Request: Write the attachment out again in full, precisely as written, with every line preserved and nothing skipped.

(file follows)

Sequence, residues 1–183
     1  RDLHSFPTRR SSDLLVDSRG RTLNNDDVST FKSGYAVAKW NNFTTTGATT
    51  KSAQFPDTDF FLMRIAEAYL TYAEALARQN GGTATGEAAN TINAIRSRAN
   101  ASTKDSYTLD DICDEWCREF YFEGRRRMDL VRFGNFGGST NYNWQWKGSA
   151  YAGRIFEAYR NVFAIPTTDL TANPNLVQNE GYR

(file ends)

Sequence, residues 1–183
     1  RDLHSFPTRR SSDLLVDSRG RTLNNDDVST FKSGYAVAKW NNFTTTGATT
    51  KSAQFPDTDF FLMRIAEAYL TYAEALARQN GGTATGEAAN TINAIRSRAN
   101  ASTKDSYTLD DICDEWCREF YFEGRRRMDL VRFGNFGGST NYNWQWKGSA
   151  YAGRIFEAYR NVFAIPTTDL TANPNLVQNE GYR